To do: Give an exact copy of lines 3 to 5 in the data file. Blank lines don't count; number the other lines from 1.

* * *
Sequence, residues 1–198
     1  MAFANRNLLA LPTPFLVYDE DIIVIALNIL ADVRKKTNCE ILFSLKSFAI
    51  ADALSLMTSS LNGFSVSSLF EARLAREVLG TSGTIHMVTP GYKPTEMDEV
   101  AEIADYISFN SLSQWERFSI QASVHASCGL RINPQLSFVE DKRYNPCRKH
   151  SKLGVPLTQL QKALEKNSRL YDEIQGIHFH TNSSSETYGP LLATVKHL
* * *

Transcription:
    51  ADALSLMTSS LNGFSVSSLF EARLAREVLG TSGTIHMVTP GYKPTEMDEV
   101  AEIADYISFN SLSQWERFSI QASVHASCGL RINPQLSFVE DKRYNPCRKH
   151  SKLGVPLTQL QKALEKNSRL YDEIQGIHFH TNSSSETYGP LLATVKHL